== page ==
Repository logo

Sacred Toorai Tree (Diversifolious Poplar)



Change log


Bulag, Uradyn E. 


This video features Bor, descendant of an Ejine Torghut noble family, who talks about a sacred Toorai tree growing next to her house. During the Cultural Revolution, her parents were imprisoned in the banner centre. She came back to her home in 1998 after years of camel herding for another family. The tree used to be called Sarhiru Toorai, meaning the source place of multiple rivers and springs, but after the banner government promoted tourism around the tree in 2002, it has become an object of worship called Sahilsun Toorai (deity tree) or even Burhan Toorai (Buddha tree). She says that it is 28 metres tall and she heard from scientists that it is already 3,000 years old. The tree has its own stories. Her father, a prince, told her when she was a child that in the 1930s, some of his servants shot the tree, and a few months later the prince’s feet grew moles which gradually got worse. A Buddhist monk called Ustu Lama was called; he chanted for seven days, and organised a horse race and wrestling competition. Soon after that, her ailment was cured.In 1990, a Han Chinese who had been living in this place from the Cultural Revolution onward moved away because of the sudden decrease of his livestock. Locals said that he broke a branch of the old tree and killed a huge black snake here. After this strange incident, since nobody dared to live there again, the government allowed Bor to move back.Since 2002, Bor has been organising a tree worship ritual every year on the 15th of the eighth month by the lunar calendar. The Ejine banner government has also asked her to charge 10 yuan from each tourist who comes to see the tree, but she must give half of the income to the government. Today, however, the government wants her to hand over the site to a tourist company called Hetianxia. She refuses, insisting that she has a 50-year use right for her ancestral land. Besides, she argues that the Torghuts’ sacred worshipping place should not belong to a Han Chinese company.Bor says that the government has been pressurising them to give up the land. The banner leader himself even visited her once promising to pay her ¥ 50,000 a year if she transfers the right to the company. She thinks the government is vulgar and cunning. She is 66 years old now and has registered her grandson as her inheritor, but she is concerned that her three sons who work for the government in the banner centre might not be able to get anything from this inheritance.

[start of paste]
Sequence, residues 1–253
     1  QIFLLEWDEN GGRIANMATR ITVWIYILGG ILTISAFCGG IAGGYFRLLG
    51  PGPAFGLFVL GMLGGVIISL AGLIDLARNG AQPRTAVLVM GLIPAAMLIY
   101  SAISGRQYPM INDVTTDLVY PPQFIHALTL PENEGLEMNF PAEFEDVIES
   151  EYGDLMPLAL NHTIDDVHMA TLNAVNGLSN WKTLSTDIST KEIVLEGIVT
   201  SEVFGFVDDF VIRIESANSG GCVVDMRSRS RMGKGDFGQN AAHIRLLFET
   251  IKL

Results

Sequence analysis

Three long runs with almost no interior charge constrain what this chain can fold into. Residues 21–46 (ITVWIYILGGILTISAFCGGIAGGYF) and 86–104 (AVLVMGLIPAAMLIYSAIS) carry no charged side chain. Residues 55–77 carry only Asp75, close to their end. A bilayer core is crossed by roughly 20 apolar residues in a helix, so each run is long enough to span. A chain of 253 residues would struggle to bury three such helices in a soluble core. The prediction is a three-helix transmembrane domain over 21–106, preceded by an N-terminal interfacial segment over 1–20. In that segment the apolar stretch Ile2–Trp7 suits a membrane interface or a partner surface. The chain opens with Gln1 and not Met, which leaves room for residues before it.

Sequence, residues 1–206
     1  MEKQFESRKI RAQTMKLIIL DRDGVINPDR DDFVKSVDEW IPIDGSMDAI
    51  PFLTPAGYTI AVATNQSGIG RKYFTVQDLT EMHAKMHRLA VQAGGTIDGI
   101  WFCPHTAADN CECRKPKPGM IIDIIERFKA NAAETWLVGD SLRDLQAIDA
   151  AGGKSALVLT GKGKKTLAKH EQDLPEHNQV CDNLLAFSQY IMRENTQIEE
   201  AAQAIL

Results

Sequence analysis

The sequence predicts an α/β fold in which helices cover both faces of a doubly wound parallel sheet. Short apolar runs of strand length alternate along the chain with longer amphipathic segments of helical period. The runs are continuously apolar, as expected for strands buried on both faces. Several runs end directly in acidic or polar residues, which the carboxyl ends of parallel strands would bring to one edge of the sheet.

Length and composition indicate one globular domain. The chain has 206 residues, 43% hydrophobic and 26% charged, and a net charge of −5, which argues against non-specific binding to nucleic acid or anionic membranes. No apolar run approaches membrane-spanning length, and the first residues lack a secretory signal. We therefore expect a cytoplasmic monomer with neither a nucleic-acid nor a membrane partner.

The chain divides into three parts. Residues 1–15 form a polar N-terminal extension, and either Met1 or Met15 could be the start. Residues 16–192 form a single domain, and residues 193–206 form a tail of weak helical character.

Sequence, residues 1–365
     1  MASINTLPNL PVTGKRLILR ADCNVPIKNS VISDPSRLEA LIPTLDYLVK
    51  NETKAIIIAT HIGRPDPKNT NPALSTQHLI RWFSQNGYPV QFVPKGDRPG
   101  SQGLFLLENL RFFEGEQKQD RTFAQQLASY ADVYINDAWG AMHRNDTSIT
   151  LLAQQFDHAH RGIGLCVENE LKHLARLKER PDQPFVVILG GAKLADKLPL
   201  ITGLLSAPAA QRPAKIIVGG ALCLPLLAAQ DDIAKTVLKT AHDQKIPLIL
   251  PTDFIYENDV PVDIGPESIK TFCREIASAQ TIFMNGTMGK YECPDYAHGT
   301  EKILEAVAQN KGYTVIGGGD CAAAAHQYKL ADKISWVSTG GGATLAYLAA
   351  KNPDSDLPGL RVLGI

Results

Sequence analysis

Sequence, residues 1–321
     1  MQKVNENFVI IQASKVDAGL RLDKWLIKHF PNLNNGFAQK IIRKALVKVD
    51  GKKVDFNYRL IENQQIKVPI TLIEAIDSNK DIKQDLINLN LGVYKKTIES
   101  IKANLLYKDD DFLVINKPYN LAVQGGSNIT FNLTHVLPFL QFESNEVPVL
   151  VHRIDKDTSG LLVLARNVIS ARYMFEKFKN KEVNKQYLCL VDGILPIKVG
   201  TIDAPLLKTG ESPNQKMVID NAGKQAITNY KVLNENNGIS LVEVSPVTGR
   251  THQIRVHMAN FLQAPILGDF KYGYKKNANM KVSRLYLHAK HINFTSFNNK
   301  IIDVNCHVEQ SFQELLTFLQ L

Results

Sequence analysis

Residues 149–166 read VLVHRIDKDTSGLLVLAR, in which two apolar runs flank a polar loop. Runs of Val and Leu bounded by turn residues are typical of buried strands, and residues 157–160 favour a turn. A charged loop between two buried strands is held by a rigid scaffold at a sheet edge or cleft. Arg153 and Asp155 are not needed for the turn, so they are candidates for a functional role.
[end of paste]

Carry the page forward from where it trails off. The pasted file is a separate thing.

Ejine Torghut, noble family, the Cultural Revolution, tourism, Burhan Toorai, tree worship, government, herder, land

Is Part Of


Kalmyk Cultural Heritage Documentation Project, University of Cambridge

Publisher DOI

Publisher URL

Sponsored by Arcadia Fund, a charitable fund of Lisbet Rausing and Peter Baldwin